Dreams: The Looking Glass of Relationships

DREAMS: The Looking Glass of Relationships

Deepen your intimacy in relationships  images

Our nighttime dreams are the looking glass into our relationships and relationships are a significant part of our lives. Jean Paul Sartre stated, “Hell is other people,” and though that might feel true at times, without relationships, we severely limit our ability to evolve. Humans are hard-wired to connect. Developing open, loving, trusting and healthy connections takes great commitment, consistent effort, and mindful awareness. Specific dream characters, symbols and feelings emerge to show you unresolved fears, insecurities, and even traumatic experiences that occurred and are inhibiting your connection with others.

See your beliefs, attitudes, and judgments toward yourself and others

Dreams are often referred to as the “mirror to your soul” because they reflect the deeper, hidden aspects of us that we are not seeing clearly. Also, they reveal how others see us which likely differs from our self-perception. Jung referred to this aspect as the “persona,” the mask we wear in public for others to see. It is the false-self that needs approval and strives to be liked, appreciated, and wanted. Therefore, our dreams are not meant to please us but to awaken us. They are often perceived as disturbing because they will not succumb to our noblest notions of ourselves. “The closer one looks,” Marc Ian Barasch states, “The more [dreams] seem to insist upon a challenging proposition: You must live truthfully. Right now. And always. Few forces in life present, with an equal sense of inevitability, the bare-knuckle facts of who we are, and the demands of what we might become.”

Dream characters are “projections” of ourselves

When someone appears in your dreams, ask yourself, “What is my perception of this person?” It might be someone you haven’t seen in twenty-five years or your current next door neighbor. The key is to get in touch with how you see this person and what traits they are mirroring back to you. This is not easy because no one wants to see negative qualities in themselves. Which is one of the reasons that the unlikeable traits have been projected on to another during dreamtime. Rich with self-awareness, dream characters are the psychic lens for you to truly see yourself. They reveal your false-self, the persona and mask that you wear as well as the traits you have adopted since you were very young. Every person starring in your nightly dreams are unconscious projections of yourself. From this advantageous perspective, your dream characters can help you learn more about yourself than you might ever imagine.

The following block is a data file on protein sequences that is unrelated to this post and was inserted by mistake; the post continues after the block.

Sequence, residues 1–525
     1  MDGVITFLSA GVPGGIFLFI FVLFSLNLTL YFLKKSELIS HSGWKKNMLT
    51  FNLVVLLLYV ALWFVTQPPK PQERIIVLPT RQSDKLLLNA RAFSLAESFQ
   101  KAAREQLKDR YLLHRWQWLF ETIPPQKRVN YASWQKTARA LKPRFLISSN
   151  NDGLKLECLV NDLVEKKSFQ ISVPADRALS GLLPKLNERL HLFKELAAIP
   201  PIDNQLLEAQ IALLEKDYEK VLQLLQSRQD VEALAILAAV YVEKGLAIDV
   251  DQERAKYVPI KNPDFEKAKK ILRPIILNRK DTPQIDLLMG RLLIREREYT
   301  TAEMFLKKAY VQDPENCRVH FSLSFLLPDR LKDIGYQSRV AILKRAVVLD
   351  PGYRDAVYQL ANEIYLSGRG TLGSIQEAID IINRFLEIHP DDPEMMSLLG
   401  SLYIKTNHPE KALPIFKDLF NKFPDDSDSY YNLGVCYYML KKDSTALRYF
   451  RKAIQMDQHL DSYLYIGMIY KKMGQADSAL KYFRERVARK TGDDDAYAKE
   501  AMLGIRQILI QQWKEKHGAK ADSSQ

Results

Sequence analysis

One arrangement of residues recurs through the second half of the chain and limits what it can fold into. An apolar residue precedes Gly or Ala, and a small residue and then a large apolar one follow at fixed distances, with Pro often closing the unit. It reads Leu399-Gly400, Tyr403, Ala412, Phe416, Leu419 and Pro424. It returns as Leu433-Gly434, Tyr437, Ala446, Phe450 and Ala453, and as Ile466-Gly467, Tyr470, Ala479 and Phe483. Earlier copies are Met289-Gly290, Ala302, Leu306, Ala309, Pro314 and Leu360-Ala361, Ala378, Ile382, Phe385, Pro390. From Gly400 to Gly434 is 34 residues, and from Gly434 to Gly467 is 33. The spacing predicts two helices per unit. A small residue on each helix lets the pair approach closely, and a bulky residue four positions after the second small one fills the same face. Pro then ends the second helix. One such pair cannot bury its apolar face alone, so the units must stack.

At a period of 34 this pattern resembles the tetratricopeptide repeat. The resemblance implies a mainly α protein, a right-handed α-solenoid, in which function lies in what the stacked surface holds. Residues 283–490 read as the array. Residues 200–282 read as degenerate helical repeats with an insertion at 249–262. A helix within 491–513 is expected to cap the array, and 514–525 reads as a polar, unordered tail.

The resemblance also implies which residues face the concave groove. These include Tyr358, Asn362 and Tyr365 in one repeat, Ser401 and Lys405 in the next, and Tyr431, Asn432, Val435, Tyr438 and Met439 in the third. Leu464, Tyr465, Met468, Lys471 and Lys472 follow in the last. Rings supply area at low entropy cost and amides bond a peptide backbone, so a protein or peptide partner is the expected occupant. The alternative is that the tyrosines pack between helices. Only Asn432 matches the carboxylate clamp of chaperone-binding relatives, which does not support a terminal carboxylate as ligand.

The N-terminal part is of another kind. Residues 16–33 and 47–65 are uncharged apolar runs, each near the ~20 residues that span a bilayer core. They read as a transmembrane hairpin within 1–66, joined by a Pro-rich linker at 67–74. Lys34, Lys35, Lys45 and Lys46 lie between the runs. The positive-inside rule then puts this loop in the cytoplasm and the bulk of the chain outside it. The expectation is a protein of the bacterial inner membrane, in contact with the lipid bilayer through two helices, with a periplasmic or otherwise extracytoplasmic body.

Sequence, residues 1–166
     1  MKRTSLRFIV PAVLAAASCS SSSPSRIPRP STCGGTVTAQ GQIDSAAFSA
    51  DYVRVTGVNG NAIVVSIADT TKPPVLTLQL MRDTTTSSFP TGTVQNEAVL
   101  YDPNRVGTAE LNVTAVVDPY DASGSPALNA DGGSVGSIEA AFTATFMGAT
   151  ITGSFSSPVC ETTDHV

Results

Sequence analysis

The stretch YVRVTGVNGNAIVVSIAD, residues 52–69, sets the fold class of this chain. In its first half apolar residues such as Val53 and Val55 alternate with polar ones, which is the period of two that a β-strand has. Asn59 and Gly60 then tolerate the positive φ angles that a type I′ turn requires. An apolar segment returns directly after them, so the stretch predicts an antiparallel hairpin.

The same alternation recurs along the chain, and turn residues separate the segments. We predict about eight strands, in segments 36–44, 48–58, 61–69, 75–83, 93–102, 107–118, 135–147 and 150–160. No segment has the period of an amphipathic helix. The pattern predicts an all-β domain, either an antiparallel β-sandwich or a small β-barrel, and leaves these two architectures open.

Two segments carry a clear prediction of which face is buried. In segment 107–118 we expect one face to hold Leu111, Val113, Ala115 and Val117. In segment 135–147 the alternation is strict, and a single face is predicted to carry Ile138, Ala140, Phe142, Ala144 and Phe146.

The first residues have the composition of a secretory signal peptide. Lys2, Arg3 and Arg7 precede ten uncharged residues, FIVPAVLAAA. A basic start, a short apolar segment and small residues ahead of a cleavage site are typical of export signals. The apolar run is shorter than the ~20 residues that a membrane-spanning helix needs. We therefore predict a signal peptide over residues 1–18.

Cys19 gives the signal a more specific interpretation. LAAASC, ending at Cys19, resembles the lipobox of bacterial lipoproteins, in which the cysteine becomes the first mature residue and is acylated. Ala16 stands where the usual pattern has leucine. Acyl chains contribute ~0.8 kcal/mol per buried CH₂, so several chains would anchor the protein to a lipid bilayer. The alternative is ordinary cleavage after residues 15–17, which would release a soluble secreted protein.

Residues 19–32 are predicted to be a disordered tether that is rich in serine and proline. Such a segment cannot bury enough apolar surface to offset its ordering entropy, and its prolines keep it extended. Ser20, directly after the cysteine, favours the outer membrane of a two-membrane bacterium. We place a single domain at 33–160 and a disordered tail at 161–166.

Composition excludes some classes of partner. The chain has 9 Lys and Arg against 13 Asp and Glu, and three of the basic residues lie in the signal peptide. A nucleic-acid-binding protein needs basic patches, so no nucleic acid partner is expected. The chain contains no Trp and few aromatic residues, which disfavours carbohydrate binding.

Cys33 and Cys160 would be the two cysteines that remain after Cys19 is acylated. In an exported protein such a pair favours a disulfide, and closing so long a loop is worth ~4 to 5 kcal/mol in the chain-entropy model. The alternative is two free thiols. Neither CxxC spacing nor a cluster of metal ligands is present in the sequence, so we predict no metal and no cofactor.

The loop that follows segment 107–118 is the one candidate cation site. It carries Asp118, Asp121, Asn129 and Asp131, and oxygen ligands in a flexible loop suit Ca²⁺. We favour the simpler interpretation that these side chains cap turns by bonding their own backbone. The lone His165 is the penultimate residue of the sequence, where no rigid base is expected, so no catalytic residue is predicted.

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For a deeper exploration into your dreams, please click HERE.

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Join me in my upcoming webinar on “dreams” check it out HERE

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Discovering Your Shadow in Dreamtime

 

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Discovering Your Shadow in Dreamtime

Dreams offer special gifts which help you with every issue you are facing in waking life and one of the most significant is discovering and reclaiming your Shadow.